US & Canada

Golden Gate: Electronic tolls for San Francisco bridge

Collector Marilyn Alvardo receives the last toll from Jim Eddie in his vintage 1937 Packard, 26 March
Image caption Collector Marilyn Alvardo receives the last toll from Jim Eddie in his vintage 1937 Packard

Human toll collectors at one of the world's most iconic bridges have been replaced with an electronic system that photographs licence plates.

The Golden Gate Bridge in San Francisco has closed its traditional toll booths to try to speed up traffic and save money.

Finishing their last shift, some of the toll-takers hugged and cried as they left their booths.

"Our DNA is embedded in this bridge... we are part of it," said Jacquie Dean.

The new system is costing $3.4m (£2.2m) to implement and is expected to save about $17m over the next eight years.

The Golden Gate suspension bridge - which spans the opening of the San Francisco Bay into the Pacific Ocean - is one of America's best known landmarks.

For more than 75 years, the toll-takers have been the human face of the bridge.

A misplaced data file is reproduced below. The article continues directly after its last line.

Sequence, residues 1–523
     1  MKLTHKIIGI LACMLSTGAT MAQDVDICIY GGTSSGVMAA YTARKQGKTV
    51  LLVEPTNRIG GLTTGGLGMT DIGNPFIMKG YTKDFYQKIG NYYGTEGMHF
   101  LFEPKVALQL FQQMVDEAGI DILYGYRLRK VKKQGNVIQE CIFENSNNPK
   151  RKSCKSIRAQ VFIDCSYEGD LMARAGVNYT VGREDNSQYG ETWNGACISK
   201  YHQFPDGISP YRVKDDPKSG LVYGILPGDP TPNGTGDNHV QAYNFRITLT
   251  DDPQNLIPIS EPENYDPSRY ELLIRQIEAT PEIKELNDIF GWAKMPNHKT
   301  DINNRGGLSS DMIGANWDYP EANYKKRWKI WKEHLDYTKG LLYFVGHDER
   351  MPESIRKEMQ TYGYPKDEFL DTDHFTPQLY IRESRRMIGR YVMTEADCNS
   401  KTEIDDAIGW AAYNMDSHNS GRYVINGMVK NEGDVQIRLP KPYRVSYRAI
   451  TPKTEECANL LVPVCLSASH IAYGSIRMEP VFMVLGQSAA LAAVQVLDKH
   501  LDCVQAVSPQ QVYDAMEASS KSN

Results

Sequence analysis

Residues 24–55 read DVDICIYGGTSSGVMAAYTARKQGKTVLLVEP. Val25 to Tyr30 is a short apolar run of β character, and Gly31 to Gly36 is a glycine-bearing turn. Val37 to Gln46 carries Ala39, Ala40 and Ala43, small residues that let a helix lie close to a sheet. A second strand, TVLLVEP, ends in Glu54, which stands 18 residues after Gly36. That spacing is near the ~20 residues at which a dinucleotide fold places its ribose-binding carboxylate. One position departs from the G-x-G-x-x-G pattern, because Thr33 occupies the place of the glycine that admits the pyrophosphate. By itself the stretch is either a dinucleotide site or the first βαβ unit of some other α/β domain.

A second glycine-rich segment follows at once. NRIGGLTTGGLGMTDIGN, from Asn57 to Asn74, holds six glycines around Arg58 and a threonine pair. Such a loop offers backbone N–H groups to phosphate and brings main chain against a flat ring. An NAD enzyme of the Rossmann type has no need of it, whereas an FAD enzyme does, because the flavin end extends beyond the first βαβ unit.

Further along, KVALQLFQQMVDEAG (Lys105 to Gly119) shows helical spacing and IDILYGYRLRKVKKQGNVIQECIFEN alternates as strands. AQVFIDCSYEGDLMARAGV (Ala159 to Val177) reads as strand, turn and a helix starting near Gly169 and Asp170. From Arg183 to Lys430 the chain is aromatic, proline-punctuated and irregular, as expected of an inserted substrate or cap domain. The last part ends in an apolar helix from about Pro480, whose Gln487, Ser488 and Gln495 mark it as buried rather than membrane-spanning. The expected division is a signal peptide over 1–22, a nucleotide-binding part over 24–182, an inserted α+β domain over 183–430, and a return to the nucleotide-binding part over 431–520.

Image caption Toll-taker Jacquie Dean says some customers would rather pay cash

About 70% of motorists already use an electronic pass system to pay the $5 toll. Now all drivers are being told not to stop and to pay later.

Regular bridge users can sign up to the existing FasTrak system which provides motorists with a tag fitted to the windscreen which is read electronically.

They can also set up licence plate accounts or receive bills in the post.

Nine full-time workers and 29 part-time staff are losing their jobs on the bridge, reports say. Some are being placed in other district positions or are retiring.

But Ms Dean lamented the change, saying: "Some customers still want to pay cash. They don't want to be tracked and photographed.''

"Golden Gate's toll-takers deal with people of all walks of life, new drivers and older motorists, wealthy and broke, friendly and cranky, and rushed and leisurely," said the local news website Marin Independent Journal in an editorial.

"For years, they've been the everyday ambassadors for the bridge, fitting in a smile and a greeting into the required precision of their jobs, collecting tolls from 110,000 passing motorists daily."

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